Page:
Rabindra Sangeet singer Manoj Murali Nair on why music proved a bigger pull than dance, and why tampering with originals is often unnecessary

With the rising bulk of Rabindra Sangeet singers, many of whom fail to appreciate and adapt the correspondence between Tagore’s verbal accents and his music, Kolkata listeners are now fortunate to hear the magical distinctions of personal style and vocal colour of the accomplished 39-year-old singer Manoj Murali Nair from Kerala.

Son of Kalamandalam Muralidharan Nair, Visva-Bharati’s well-known Kathakali guru and Kathakali actor from Kerala Kalamandalam, Manoj’s perfect consonants, smooth, passionate singing and intense expressions are responsible for his mounting fame in such a short time. Brought up in Santiniketan, the exhaustively trained and established Rabindra Sangeet singer will shortly present Tagore’s songs in Malayalam for a wider audience. Excerpts from an interview:

Having been brought up in Santiniketan, how has the place and Tagore’s philosophy influenced you?

I was eight when I came to Santiniketan. At first glance I found the place more like an ashram. I was too young to understand the philosophy behind Santiniketan and, above all, the language and the culture of Bengal was totally unknown to me. But as I grew up, I learnt to embrace the Bangla language and the very essence of Santiniketan. Tagore’s philosophy slowly unfolded before me and my life became a part of the culture, my soulmate Santiniketan, and Tagore.

Please throw some light on your musical training.

I did a diploma in Rabindra Sangeet and Hindustani classical music from Visva-Bharati Sangeet Bhavan, B.Mus in Hindustani classical music and M.Mus. in Hindustani vocal. I had special training in Hindustani vocal from Aloke Kumar Chatterjee and Dilip Karmokar and had the privilege to learn from Sangeetacharya Sri Amiya Ranjan Bandopadhyay. I later trained in Rabindra Sangeet under Manju Bandopadhyay, Bulbul Basu, Gora Sarvadhikari and Ashish Bhattacharya.

Did your the environment at home nurture the Bengali culture?

Though at home the environment was purely South Indian, my parents did encourage me to take up Bengali culture. My father came to Santiniketan to join Visva-Bharati Sangeet Bhavan as a Kathakali lecturer. My mother is also a dancer trained under Guru Gopinath. So there was a cultural atmosphere at home that helped me take up music as a subject and passion.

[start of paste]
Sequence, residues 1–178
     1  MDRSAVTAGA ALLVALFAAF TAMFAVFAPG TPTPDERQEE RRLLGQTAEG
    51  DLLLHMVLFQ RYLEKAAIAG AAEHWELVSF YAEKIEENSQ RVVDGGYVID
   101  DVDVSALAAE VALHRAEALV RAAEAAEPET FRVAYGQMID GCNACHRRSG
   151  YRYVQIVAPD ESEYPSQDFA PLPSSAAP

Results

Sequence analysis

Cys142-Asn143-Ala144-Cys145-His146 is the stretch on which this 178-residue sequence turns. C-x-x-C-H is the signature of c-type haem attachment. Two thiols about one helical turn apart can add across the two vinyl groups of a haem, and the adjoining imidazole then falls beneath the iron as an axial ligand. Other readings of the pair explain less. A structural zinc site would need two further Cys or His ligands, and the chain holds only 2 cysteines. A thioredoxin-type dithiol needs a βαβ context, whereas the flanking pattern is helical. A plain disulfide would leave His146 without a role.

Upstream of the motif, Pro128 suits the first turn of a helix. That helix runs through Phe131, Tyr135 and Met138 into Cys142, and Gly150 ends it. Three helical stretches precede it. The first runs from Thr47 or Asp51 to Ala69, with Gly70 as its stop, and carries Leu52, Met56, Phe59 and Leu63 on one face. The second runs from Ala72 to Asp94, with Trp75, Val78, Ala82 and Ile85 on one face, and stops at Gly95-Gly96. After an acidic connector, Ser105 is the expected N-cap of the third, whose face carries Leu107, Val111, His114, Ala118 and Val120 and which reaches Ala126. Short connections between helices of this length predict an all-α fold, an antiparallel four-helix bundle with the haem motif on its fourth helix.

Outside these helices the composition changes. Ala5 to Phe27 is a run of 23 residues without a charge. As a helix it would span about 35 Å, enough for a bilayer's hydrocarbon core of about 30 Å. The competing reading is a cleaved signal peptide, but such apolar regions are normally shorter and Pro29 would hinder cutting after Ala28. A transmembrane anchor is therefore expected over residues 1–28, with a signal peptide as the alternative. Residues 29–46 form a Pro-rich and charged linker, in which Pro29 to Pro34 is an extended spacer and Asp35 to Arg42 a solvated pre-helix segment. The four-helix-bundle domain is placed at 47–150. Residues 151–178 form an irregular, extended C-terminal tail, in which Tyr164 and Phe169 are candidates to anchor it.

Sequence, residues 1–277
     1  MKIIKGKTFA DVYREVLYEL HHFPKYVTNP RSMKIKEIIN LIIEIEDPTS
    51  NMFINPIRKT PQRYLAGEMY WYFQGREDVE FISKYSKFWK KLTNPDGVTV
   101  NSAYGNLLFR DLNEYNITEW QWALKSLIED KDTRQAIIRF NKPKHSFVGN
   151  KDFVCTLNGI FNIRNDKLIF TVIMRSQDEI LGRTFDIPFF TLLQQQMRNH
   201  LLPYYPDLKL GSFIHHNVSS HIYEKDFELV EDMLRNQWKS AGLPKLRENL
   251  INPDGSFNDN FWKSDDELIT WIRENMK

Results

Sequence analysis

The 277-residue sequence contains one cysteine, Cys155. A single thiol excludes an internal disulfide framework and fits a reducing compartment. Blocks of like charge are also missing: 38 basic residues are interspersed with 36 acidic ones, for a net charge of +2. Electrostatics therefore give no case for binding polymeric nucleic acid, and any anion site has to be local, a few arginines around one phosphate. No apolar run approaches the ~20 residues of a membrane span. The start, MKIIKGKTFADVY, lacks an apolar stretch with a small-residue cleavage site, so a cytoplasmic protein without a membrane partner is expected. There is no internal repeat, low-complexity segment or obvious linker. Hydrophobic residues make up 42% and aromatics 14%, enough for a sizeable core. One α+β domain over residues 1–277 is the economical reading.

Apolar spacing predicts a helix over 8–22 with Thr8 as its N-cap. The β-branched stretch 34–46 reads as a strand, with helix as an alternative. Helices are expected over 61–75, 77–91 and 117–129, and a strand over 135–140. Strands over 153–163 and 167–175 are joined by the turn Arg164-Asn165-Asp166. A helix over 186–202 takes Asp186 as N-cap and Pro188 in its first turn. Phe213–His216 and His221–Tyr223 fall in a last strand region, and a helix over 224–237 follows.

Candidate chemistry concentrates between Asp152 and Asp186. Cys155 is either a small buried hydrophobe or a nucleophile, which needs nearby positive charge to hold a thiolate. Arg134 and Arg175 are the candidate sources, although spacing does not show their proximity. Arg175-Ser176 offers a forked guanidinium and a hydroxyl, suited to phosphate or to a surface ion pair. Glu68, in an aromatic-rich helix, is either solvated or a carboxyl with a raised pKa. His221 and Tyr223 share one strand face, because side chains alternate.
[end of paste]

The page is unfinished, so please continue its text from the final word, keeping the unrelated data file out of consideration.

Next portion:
Wasn’t dance a more obvious choice?

I started learning dance from the age of five. In Santiniketan Pathabhavan dancing was compulsory and, so, dance became a part of my life. But music had been my passion from an early age, so I never considered dance my profession. My maiden Kathakali performance portraying Raja in the dance drama “Raktakarabi” was enriching as it enhanced the depth and understanding of my singing and helped to bring out the hidden passion of the songs and, at the same time, finally fulfil my Kathakali training inherited from my father.

You started learning Hindustani classical music but made a name as a marvellous Rabindra Sangeet singer...

True, I loved Hindustani classical and was fascinated by the style of Ustad Amir Khan sahib. Even now whenever I listen to the ragas and bandishes of maestros, tears of joy and pain flow. But when I learnt the technique of Rabindra Sangeet and experienced the depth of its meaning, I observed that the lyrical beauty of the bandish in classical music fades away with its taankari and laykari. But, on the other hand, the understanding of ragas helps me cherish the beauty of the tunes of Rabindra Sangeet, most of which have been inspired by classical ragas. I feel more comfortable singing in Bangla, which is now my own language. When I first performed in Kolkata in 2000 at Rabindra Sadan, people here accepted me as a Rabindra Sangeet singer. That inspired me to take it up as a profession.

Any difficulties?

Indeed! Life in Santiniketan is peaceful but in Kolkata it is different, and proving and moulding myself for different types of audience, most of the time performing before or after the modern Bengali or Hindi songs, is still a challenge for me.

Listeners love your romantic numbers…

Being a romantic, I love to sing romantic songs of Tagore, but to achieve salvation through songs I am preparing myself with the help of Tagore’s devotional songs, which sing about the ultimate power and beauty of the Supreme Being.

How do you see Comment on the present trends in Rabindra Sangeet?

Working on Tagore or singing his songs needs deep understanding of his life and philosophy. I doubt how many singers of Rabindra Sangeet understand their inner meanings and sing. Yes, we have great singers who have popularised Tagore’s songs among the masses, but most of the time we come across the most painful experiences of experimentations. Why disgrace him with poor understanding and fruitless efforts? Why not maintain the originality of the songs and present them in their full glory because, after all, these songs had been created by the one named Rabindranath Tagore!

Plans?

I am planning to create a Malayalam version of Rabindra Sangeet. I’m also working on an album blending symphonies of maestros like Mozart and Beethoven with Tagore’s songs. I would love to sing with my wife in an album in the near future.